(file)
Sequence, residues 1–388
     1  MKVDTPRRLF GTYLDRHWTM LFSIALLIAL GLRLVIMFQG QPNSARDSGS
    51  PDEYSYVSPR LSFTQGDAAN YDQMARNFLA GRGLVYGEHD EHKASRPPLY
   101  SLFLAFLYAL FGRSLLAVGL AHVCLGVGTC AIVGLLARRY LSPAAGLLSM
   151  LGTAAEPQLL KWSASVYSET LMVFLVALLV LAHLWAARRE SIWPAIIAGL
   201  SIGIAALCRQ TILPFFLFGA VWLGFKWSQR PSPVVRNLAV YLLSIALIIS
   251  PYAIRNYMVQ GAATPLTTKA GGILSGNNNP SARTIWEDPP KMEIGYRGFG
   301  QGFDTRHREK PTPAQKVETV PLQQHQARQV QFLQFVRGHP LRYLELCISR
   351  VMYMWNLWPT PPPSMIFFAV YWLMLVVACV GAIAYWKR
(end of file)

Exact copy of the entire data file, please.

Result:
Sequence, residues 1–388
     1  MKVDTPRRLF GTYLDRHWTM LFSIALLIAL GLRLVIMFQG QPNSARDSGS
    51  PDEYSYVSPR LSFTQGDAAN YDQMARNFLA GRGLVYGEHD EHKASRPPLY
   101  SLFLAFLYAL FGRSLLAVGL AHVCLGVGTC AIVGLLARRY LSPAAGLLSM
   151  LGTAAEPQLL KWSASVYSET LMVFLVALLV LAHLWAARRE SIWPAIIAGL
   201  SIGIAALCRQ TILPFFLFGA VWLGFKWSQR PSPVVRNLAV YLLSIALIIS
   251  PYAIRNYMVQ GAATPLTTKA GGILSGNNNP SARTIWEDPP KMEIGYRGFG
   301  QGFDTRHREK PTPAQKVETV PLQQHQARQV QFLQFVRGHP LRYLELCISR
   351  VMYMWNLWPT PPPSMIFFAV YWLMLVVACV GAIAYWKR